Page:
Astronomical fall begins with the equinox, but meteorologists call the months of September, October, and November ‘fall.’
This year you wouldn’t know it’s fall in the US by the temperatures. The heat wave that has engulfed the central states has spread to the east coast. Europe, too, will begin meteorological fall with well-above-normal temperatures.
The tropics are unusually quiet, both the Atlantic and Pacific Oceans, just a week before the September 10 maximum of activity measured over the long-term. Still, there are a couple of areas of interest.
Hottest Weather Of The Summer In The US Continues: US Open Tennis Tournament
The jet stream, which dipped southward into the midsection of the country earlier this summer, has retreated to the Canadian border. Another warm week is in store for much of the nation, including the east coast, where the US Open Tennis Tournament chugs towards its weekend conclusion in New York.
The warm air is currently fairly stable, and with the angle of the sun lower, thunderstorms that result from daytime heating will be at a minimum. Temperatures through Friday will be in the upper 80s in New York, and the humidity will be high.
The weather for Saturday’s women’s singles finals is problematical: A cold front will be close enough to produce a high probability of rain. The men’s singles final on Sunday will get the benefit of the cold front, with clearing skies and cooler temperatures.
The Start Of Fall In Europe: A Continuation Of The Warmth
Temperatures over the continent have been consistently above normal since last winter. The middle of August saw about a two-week reversal to below normal temperatures, but the warmth is back. A ridge in the jet stream could bring record high temperatures across Europe in September.
Approaching The Seasonal Hurricane Peak: Active Systems In The Gulf Of Mexico And The Pacific South Of Mexico
A tropical wave that moved all the way across the Atlantic Ocean and Caribbean Sea without significant development finally found some more favorable conditions in the southern Gulf of Mexico over the weekend, and has become Tropical Storm Dolly.
The system will bring heavy rain to the east-central Mexican coast and inland mountains, but the storm’s wind will max out at about 50 miles per hour at landfall. Tropical storm warnings are up for the area around landfall, but the major impact will be from flooding and landslides.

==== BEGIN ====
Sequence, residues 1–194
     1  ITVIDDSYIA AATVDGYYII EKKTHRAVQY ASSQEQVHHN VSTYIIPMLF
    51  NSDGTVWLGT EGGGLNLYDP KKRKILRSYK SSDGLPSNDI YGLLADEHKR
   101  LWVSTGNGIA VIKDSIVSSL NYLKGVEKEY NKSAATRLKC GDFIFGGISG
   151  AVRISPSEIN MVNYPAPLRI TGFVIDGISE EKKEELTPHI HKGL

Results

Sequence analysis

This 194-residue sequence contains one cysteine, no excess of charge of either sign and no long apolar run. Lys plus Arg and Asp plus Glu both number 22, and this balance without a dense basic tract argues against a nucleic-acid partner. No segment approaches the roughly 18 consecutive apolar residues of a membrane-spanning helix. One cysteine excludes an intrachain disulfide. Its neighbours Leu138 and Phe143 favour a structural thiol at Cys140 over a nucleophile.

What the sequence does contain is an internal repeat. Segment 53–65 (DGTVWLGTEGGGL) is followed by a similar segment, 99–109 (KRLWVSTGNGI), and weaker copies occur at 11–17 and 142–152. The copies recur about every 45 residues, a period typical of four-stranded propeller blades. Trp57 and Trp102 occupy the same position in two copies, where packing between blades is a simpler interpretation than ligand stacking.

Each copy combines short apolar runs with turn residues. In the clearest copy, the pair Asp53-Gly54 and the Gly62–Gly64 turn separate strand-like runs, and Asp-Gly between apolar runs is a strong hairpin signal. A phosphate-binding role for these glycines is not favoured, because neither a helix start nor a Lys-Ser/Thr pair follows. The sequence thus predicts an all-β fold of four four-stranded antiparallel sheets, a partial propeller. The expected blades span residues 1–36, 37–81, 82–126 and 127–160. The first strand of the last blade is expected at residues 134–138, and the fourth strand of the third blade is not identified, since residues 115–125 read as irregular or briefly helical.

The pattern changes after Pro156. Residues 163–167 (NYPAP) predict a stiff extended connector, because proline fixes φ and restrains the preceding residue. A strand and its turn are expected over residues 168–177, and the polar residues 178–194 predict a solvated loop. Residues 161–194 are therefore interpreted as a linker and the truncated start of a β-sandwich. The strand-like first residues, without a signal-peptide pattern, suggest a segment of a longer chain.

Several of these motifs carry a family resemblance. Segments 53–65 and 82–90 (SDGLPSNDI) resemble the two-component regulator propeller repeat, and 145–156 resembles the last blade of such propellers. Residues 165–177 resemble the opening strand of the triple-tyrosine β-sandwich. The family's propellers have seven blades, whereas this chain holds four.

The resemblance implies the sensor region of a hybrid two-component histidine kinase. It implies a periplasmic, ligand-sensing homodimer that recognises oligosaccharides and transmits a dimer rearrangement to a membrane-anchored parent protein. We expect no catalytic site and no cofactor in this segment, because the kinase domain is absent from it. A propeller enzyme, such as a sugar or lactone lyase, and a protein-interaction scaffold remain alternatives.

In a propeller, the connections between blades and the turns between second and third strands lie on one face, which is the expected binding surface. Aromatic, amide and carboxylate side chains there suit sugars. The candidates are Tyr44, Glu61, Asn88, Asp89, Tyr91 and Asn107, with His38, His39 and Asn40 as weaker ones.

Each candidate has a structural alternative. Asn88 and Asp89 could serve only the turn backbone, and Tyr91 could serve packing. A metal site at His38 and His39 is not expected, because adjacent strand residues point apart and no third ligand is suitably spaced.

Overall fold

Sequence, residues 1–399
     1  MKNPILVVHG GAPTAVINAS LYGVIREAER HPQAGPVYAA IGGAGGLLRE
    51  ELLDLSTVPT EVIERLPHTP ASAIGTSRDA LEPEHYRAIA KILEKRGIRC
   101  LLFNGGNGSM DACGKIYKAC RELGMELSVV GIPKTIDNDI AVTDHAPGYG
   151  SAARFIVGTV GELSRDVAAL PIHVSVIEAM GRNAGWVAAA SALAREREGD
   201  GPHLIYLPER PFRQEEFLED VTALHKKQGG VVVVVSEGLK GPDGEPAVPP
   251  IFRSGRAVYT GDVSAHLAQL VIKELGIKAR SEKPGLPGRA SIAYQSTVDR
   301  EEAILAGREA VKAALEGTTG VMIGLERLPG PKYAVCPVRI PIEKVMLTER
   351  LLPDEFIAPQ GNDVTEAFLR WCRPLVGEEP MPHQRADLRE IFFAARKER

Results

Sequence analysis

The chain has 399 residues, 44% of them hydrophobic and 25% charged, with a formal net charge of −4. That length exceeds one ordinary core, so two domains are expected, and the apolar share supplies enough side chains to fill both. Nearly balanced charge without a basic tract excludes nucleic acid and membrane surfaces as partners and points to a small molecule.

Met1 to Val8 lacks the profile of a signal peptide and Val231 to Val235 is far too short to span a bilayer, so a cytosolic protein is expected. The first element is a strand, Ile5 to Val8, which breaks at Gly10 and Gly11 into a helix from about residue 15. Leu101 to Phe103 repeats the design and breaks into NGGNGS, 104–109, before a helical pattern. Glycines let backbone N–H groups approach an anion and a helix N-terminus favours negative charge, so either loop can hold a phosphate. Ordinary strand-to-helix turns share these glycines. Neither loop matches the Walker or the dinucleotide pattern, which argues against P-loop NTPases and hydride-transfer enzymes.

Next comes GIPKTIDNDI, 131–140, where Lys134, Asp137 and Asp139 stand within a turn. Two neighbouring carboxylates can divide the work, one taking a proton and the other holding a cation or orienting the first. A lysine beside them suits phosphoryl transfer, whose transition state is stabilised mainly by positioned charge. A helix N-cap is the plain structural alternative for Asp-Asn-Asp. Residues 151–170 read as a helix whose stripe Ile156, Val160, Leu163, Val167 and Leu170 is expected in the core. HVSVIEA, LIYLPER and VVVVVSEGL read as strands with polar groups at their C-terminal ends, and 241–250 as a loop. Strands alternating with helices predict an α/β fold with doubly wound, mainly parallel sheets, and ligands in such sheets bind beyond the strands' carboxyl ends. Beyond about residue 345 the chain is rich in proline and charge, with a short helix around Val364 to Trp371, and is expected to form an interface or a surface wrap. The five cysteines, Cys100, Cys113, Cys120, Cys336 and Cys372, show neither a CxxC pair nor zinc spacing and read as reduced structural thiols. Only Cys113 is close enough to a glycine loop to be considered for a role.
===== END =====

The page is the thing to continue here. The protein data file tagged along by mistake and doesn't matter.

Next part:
The water is now warm enough for tropical storm formation in the eastern Atlantic. These ‘Cape Verde’ storms are often the most damaging to the eastern United States. Right now the area is quiet, but clusters of thunderstorms continue to move across Africa. As they move off the coast as easterly waves, development is possible any time the vertical wind profile is favorable.
In the Pacific, the drumbeat of storms emanating from south of Mexico continues. A disturbance seems very likely to become Tropical Storm Norbert within a couple of days.
Looking Back On Summer (June-July-August) in the US: Records Galore
The summer of 2014 was a summer of extremes: hot, cold, wet, and dry. The west coast was generally hot, the lower midwest was cold, and the upper midwest was wet. Isolated spots in other parts of the country also experienced record-breaking weather.
Santa Ana airport probably set the most notable record: the temperature was above average every single day. In fact the streak goes back to spring, and stands at 117.
Some Summer Records:
- Driest summer ever: Tallahassee, Florida. It’s worth noting that Miami is very close to a record wet summer, which shows how precipitation can vary, even within relatively short distances.
- Wettest summer ever: Fairbanks, Alaska
- Wettest summer ever: Sioux City, Iowa. Sioux City broke the old record by more than 50%, 30.38 inches versus 20.13 inches.
- Wettest summer ever: Chicago, Illinois
- Wettest summer ever: Lake Charles, Louisiana
- Coldest July ever: Little Rock, Arkansas
- Hottest July-August ever: Spokane, Washington
What Do All The Records Mean?
Extremes of hot and cold are consistent with global warming, as are increases in precipitation. The accumulation of data consistent with fossil-fuel-burning-induced climate change is now overwhelming. What changes do you see in your neighborhood?